By: Bill Bregar
August 3, 2012
For decades, parents have told their children: “Get a college degree.” But the economic rough patch, and the huge expense of college, has raised doubts about that rote advice for achieving success.
Jobs are hard to find even for college graduates. Graduates can have a tough time finding a job that matches their education — and paying back loans that can reach tens of thousands of dollars.
At the same time, paradoxically, manufacturing needs skilled workers. For plastics, that’s true even though the number of plastics jobs has declined because of the recession, industry consolidation and increased automation and productivity.
What’s the answer?
You could enroll in four-year degrees in plastics engineering at the University of Massachusetts at Lowell, Ferris State University and Penn State Erie’s Behrend College. But lesser-known community colleges and technology schools offer a good, reasonably priced alternative — two-year associate degrees.
We profile two in this week’s issue. On Page 1, you can read about Terra State Community College in Fremont, Ohio, the leading school for color matching. The program was launched more than 20 years ago, with strong, ongoing support from the Color and Appearance Division of the Society of Plastics Engineers.
Terra is having a hard time getting students, even though jobs are plentiful for trained color technicians. Part of the reason is Fremont’s rural location in northwestern Ohio. The school is surrounded by cornfields, and it doesn’t have dormitories. Its student base is largely local. That should change as Terra pushes distance learning. Color matching is a vocation with an artistic bent, as the color industry touches our lives everyday.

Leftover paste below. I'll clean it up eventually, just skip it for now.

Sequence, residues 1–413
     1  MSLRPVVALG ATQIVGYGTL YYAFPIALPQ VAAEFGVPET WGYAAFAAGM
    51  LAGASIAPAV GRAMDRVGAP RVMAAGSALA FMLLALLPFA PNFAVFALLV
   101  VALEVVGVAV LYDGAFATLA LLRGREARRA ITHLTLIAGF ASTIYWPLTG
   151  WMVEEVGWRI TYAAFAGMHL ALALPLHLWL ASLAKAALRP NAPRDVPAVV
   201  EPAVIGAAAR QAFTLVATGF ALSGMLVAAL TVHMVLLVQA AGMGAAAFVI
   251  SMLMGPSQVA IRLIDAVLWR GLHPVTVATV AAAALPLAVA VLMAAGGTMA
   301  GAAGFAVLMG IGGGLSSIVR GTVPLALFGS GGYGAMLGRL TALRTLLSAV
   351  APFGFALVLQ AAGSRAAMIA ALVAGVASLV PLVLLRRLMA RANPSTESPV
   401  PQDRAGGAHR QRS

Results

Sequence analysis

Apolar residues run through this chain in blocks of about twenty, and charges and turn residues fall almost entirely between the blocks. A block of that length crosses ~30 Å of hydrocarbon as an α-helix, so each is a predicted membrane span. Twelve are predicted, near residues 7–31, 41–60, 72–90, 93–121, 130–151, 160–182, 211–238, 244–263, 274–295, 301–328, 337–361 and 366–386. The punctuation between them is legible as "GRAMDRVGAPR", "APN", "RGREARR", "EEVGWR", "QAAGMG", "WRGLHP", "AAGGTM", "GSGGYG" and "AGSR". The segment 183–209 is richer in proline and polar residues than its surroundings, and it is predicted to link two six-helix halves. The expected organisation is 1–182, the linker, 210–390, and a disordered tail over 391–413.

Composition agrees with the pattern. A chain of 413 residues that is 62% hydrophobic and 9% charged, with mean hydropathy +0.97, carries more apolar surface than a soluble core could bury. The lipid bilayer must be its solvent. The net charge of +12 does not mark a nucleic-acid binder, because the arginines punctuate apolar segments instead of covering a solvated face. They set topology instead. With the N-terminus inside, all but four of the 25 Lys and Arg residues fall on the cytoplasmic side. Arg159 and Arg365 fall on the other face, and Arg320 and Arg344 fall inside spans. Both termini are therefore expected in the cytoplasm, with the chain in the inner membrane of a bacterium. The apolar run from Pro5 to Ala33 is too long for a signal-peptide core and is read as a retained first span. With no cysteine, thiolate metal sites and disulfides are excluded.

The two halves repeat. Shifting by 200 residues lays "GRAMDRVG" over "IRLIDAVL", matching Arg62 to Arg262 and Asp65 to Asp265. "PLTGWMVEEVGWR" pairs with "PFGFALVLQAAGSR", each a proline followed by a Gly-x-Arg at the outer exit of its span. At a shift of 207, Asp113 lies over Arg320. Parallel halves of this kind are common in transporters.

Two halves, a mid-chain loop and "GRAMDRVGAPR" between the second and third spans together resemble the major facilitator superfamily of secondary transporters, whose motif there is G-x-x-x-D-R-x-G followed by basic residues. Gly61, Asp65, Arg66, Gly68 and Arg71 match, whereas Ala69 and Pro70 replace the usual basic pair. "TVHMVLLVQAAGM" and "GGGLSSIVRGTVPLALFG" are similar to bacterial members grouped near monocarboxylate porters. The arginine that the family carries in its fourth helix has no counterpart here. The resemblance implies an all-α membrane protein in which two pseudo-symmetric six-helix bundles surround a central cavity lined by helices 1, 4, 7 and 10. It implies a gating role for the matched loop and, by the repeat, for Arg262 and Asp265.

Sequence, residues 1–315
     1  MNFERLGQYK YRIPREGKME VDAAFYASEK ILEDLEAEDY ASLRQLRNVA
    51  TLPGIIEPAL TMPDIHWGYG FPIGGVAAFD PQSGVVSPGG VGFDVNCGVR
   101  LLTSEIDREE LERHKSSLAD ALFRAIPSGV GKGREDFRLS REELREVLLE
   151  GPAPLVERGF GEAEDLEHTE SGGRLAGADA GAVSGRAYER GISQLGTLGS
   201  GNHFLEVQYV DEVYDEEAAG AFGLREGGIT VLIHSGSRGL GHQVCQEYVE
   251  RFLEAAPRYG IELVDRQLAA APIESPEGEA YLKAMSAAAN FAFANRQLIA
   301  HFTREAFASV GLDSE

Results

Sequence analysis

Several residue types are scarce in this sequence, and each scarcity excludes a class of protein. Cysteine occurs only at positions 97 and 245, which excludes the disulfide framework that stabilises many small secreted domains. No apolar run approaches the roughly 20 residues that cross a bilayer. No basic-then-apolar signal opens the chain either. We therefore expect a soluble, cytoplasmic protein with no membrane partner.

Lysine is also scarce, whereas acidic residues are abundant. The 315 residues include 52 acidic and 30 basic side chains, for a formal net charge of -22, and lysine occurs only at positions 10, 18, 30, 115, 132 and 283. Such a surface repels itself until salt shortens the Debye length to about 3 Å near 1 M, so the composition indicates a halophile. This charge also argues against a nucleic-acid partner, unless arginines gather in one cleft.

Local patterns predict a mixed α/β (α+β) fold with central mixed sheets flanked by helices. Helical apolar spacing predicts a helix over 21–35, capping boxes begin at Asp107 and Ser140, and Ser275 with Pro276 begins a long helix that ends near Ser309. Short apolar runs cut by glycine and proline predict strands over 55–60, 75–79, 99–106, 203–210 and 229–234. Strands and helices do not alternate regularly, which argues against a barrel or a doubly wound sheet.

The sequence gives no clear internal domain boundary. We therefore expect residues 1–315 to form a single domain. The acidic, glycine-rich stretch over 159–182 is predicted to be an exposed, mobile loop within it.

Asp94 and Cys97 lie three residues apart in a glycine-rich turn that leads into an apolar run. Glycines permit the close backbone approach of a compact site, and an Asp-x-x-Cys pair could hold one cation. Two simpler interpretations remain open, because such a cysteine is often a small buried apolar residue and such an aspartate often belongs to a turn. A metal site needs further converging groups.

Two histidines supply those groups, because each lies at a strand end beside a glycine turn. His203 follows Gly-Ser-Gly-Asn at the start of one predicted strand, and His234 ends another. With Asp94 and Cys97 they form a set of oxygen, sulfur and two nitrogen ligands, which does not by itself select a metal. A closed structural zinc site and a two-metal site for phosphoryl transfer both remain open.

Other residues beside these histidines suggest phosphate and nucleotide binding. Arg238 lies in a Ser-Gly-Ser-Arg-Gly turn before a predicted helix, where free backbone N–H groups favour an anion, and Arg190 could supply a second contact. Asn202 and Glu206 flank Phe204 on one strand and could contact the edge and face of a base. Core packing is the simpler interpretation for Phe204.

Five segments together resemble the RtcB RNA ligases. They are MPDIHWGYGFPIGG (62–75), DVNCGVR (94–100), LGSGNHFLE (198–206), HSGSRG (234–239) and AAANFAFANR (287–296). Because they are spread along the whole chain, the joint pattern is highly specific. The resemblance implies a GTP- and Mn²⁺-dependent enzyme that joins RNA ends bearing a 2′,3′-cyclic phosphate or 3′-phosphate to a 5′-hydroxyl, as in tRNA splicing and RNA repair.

Another Plastics News story details a new associate degree program in thermoforming, at Mid Michigan Community College in Harrison, Mich., northwest of Midland. The National Science Foundation awarded MMCC a grant of $717,000. The two-year degree can be transferred to nearby Ferris State. MMCC also is beefing up its programs for welding and computer numerical controlled machining.
Suddenly, thermoforming is hot. In Williamsport, Pa., the Pennsylvania College of Technology has a thermoforming center at its Plastics Manufacturing Center. Penn College also is home to a rotational molding center. Both get lots of support from the industry.
And there are others. Of course, the total plastics enrollment at these schools only amounts to a drop in the bucket of today’s unfilled factory jobs. That means these programs should be full.
Not everybody has to get a traditional four-year degree. Plastics education offers a targeted, achievable goal, with a job waiting at the end. Associate degrees and certificate programs come at a reasonable price. That’s an important message in these practical times. Some parents and students are questioning the huge expense of college, as are a contrarian group of economists, entrepreneurs and even educators.
Sallie Mae, the student loan provider, reports that 69 percent of families make their college decisions based on cost, eliminating some choices.
It’s time to get creative. Color matching, anyone?
Bregar is a Plastics News senior staff reporter.